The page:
Interagency collaboration in the Rocky Mountains and Upper Missouri Basin: Challenges overcome and lessons learned in producing useful information for adapting to climate change

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Tuesday, 6 January 2015: 4:00 PM
121BC (Phoenix Convention Center - West and North Buildings)
Elizabeth C. McNie, CIRES/Univ. of Colorado, Boulder, CO; and K. Averyt, A. J. Ray, J. Derner, J. morisette, and J. J. Barsugli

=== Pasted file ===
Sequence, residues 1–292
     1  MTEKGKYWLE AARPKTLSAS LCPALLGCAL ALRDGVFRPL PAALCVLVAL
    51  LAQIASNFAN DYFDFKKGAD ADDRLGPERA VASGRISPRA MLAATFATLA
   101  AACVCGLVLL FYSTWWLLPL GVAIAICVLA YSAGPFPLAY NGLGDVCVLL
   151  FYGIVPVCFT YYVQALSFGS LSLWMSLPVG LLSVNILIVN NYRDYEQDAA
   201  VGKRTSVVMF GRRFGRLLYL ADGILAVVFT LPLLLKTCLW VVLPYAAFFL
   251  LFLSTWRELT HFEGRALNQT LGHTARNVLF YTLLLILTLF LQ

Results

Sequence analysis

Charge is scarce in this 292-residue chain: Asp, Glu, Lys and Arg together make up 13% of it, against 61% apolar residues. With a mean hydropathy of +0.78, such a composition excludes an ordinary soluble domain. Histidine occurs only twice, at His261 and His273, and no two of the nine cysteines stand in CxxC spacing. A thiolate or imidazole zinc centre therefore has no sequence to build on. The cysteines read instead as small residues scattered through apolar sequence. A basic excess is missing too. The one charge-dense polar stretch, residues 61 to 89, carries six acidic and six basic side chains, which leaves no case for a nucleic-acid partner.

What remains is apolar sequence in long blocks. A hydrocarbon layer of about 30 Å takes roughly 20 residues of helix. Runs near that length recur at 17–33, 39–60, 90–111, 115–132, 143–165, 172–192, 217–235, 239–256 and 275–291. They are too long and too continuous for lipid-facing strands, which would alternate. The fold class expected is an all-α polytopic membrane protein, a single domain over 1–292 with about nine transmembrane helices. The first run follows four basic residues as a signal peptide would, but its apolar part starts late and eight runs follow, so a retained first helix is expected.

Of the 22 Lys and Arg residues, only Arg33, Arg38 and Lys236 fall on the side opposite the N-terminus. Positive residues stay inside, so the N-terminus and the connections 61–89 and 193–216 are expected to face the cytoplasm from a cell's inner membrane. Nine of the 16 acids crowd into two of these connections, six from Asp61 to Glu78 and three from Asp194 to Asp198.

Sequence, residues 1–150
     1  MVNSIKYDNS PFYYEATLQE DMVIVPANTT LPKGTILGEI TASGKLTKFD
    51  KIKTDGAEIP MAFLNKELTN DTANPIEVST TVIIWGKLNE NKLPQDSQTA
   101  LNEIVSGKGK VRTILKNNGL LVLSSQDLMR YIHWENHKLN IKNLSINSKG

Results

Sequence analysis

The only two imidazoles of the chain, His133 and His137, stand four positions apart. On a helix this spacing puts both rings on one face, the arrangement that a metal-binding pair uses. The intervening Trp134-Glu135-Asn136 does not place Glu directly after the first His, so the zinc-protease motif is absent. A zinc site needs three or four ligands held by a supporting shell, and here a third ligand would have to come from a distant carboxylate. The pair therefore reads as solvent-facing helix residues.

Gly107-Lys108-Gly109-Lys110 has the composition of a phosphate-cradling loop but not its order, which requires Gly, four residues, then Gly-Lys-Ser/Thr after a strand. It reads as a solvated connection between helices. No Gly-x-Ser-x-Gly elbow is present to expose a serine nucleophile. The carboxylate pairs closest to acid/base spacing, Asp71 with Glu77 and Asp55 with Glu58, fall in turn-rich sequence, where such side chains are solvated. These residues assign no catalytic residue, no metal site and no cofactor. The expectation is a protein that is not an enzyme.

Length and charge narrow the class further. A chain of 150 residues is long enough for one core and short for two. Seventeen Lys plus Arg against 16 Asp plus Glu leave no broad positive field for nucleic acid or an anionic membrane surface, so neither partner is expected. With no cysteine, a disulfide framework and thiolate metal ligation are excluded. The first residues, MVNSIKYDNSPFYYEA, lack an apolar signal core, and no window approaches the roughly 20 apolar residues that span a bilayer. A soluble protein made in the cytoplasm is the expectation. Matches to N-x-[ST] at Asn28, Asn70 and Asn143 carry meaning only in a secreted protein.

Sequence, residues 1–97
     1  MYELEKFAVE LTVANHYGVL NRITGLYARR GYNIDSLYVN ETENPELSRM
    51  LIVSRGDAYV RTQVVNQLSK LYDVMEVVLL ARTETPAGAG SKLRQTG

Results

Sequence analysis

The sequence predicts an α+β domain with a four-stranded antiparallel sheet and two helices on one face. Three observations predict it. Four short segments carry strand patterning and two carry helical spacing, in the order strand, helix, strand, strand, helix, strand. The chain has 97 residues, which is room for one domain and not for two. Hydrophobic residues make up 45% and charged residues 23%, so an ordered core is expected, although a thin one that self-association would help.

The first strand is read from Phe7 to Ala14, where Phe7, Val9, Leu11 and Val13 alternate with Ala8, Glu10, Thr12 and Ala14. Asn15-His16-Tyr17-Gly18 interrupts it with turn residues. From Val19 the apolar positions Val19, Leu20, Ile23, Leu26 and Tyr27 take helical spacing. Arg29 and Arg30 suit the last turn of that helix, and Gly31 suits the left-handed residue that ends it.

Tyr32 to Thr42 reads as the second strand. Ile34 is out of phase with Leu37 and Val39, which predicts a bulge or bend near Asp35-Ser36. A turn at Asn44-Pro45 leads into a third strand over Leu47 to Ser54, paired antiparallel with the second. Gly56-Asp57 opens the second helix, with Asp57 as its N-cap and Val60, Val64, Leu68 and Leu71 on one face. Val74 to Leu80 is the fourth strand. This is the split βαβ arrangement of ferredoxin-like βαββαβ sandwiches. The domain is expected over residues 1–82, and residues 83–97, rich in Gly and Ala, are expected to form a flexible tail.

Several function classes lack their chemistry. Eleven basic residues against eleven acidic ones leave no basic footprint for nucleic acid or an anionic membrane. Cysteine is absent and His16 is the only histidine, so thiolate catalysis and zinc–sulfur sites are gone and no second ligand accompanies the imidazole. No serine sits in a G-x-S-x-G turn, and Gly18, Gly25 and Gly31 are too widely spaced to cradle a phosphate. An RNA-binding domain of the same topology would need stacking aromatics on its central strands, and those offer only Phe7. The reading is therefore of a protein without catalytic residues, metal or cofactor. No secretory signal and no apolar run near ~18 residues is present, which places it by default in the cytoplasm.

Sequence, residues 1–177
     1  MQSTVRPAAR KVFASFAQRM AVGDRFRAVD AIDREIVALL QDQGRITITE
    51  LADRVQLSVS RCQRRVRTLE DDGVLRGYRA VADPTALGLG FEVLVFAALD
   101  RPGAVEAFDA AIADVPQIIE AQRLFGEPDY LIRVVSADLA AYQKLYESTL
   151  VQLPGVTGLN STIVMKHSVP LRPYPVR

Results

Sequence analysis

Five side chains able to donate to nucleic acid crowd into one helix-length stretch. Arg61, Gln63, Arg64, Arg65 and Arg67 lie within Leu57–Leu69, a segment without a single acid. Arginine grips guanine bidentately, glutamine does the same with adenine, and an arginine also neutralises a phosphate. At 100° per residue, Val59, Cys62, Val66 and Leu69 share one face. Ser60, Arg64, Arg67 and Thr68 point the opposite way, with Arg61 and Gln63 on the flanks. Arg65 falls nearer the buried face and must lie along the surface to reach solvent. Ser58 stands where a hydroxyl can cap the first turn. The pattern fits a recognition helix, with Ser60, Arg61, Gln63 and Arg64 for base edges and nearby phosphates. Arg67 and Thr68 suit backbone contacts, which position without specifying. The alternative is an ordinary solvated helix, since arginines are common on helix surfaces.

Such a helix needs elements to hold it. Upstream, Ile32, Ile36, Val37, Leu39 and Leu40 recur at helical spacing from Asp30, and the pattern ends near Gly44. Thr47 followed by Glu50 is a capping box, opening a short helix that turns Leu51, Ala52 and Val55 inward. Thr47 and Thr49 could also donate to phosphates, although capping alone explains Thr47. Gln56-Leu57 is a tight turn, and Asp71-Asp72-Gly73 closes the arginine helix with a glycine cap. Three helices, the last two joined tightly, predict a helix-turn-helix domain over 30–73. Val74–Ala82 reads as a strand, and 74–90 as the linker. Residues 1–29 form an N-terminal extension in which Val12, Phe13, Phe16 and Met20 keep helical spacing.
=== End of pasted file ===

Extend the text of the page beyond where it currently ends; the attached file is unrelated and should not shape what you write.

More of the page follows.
This talk explains how different federal agencies collaborate to conduct, share and disseminate useful climate information to enhance resilience to climate change. Specifically, we discuss how the U.S. Geological Survey, National Oceanic and Atmospheric Administration and U.S. Department of Agriculture build and manage a collaborative research and climate-service network in the Rocky Mountains and Upper Missouri Basin. Fostering cross-agency collaboration at the regional scale optimizes efficient allocation of resources while simultaneously enabling information to be generated at a scale that is relevant to decision makers. Such collaboration takes time and intention and must include the right people and organizations to effectively bridge the gap between use-inspired research and application. Maladaptive institutions and policies exist that pose barriers to development of adaptation strategies. However, these new agency structures and their collaborations provide opportunities for making progress towards adaptation that transcends many barriers.